World peace. Almost everyone laughs at the beauty contestant who offers this response to the big question. Give her a break. I like that answer, especially if it's spruced up to show some thought went into it. I suppose we laugh because we don't believe world peace is possible. But it is. We must believe it is. It isn't going to happen if we don't give it a chance.
Switch sexes for the moment. Mr. America. Big muscles. Macho. "Sir, if you had one wish, what would it be?" Here is a fellow bred to do battle. If he joined the military, it wouldn't be to do "the surge." I mean, think a moment, these guys are trained to "win," not to help rebuild roads, sewers and schools. "Time's up. What's your answer?"
If you think this scenario is unrealistic, maybe you're too young to remember Cassius Clay. Soon after he became Muhammad Ali, member of Islam, he was threatened with prison when three times he refused to step forward for military induction. As it turned out, the fighter wasn't that kind of fighter. Tried, convicted, his case went to the U.S. Supreme Court. He won (as he usually did). Some jeered. Others of us cheered.
After world peace, what's next? Raindrops on roses? Snowflakes that stay on my nose and eyelashes? I sincerely doubt it. More likely, brown paper packages tied up with strings. We like our things. I'm no exception. I have a feeling that what seems to be almost everyone's favorite Broadway tune is aptly titled. We can't pick just one thing, so we make sure it's plural, our favorite hundreds of our thousands of things. This sort of tears the word "favorite" down to size, doesn't it?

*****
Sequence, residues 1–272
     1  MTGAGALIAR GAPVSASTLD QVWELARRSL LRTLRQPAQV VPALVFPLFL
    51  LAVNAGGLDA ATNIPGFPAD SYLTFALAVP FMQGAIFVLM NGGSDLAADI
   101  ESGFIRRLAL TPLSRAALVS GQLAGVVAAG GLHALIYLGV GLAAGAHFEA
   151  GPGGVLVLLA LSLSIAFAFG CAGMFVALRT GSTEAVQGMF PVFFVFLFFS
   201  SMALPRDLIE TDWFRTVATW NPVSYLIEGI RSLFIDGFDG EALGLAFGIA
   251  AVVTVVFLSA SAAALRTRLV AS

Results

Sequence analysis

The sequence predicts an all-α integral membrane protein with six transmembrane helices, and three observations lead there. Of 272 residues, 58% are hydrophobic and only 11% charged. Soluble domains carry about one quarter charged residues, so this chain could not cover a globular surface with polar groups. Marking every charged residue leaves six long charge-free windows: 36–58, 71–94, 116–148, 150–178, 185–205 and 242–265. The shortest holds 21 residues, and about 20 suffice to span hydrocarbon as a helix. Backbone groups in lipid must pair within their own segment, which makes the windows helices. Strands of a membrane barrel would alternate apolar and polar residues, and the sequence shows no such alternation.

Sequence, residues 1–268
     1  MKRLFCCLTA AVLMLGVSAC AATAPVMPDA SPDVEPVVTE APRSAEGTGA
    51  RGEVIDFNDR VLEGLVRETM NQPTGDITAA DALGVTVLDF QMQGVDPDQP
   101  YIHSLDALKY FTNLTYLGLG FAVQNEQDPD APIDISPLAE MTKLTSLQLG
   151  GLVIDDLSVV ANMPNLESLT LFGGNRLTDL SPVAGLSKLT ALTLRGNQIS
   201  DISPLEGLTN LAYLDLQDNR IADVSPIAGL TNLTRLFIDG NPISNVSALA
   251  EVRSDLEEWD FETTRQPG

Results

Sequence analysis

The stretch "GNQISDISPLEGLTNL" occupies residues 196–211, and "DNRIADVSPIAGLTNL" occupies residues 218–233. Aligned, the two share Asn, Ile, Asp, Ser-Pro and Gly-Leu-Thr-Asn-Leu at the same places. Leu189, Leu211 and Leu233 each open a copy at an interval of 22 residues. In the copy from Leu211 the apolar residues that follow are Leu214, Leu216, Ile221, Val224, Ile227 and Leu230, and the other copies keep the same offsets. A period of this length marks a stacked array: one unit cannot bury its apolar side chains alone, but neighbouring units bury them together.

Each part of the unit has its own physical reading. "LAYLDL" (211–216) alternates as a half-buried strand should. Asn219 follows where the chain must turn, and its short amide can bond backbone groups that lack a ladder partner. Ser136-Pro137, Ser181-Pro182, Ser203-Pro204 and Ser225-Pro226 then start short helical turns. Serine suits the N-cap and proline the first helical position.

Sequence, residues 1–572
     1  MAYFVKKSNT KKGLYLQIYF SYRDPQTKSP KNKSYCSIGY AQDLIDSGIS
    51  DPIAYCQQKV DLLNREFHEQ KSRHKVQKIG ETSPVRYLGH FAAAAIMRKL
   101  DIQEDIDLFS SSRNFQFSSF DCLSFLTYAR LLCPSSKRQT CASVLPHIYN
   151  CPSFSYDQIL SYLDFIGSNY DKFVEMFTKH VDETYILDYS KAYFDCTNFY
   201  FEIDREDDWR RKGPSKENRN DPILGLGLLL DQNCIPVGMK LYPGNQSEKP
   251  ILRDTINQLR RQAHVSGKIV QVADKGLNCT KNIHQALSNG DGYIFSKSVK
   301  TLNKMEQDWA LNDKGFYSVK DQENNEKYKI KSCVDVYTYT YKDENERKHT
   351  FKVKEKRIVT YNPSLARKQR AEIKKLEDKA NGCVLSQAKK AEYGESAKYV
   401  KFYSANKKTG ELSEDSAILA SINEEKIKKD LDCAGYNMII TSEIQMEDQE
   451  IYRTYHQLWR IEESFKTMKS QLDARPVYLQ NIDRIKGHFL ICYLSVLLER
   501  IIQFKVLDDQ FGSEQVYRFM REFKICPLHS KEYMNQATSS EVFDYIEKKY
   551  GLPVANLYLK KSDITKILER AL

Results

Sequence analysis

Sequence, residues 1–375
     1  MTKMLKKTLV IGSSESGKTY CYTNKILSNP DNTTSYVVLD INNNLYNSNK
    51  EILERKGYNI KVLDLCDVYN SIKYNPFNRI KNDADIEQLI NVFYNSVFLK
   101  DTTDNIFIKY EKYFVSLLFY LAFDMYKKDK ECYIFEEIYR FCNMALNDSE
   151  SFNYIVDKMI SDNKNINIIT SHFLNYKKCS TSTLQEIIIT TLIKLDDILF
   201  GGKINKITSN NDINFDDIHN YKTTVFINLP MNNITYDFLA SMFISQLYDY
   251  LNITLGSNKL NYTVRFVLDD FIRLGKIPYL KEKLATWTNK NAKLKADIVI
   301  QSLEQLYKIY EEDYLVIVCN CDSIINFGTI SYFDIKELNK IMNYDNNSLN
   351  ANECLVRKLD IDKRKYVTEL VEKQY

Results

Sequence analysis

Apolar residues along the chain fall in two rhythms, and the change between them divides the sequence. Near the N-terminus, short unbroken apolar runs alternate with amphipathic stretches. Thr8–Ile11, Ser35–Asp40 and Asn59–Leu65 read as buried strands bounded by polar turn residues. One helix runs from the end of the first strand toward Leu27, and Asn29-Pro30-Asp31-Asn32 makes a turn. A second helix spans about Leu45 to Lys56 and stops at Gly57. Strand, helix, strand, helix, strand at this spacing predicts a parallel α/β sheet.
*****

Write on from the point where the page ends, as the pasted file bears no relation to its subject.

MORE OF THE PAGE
Friends of ours have a son who may appear difficult from a parent's perspective, but I'm proud of this guy. He took his backpack and maybe forty dollars and hitchhiked to a city. His dream was to make sails and eventually sail away. A day or two after arriving, he landed a temporary job in a boatyard and a part-time position at a restaurant. He found a five-acre parcel downtown, near a port-a-john, a convenience store and some public housing, where he pitched his tent. When the weather turned cooler, he moved up, into an insulated wigwam. The first jobs disappeared; now he manages a tee shirt shop. Offered a raise, he said, "I don't need one."
Virginia took a similar path when she hoisted her pack and aimed north on the Appalachian Trail. Sometimes it makes sense to set "things" aside and focus on what matters most. We could live with much less material support than we do. Consumption may feed our economy, but I have a feeling we could starve it and find other ways to survive.
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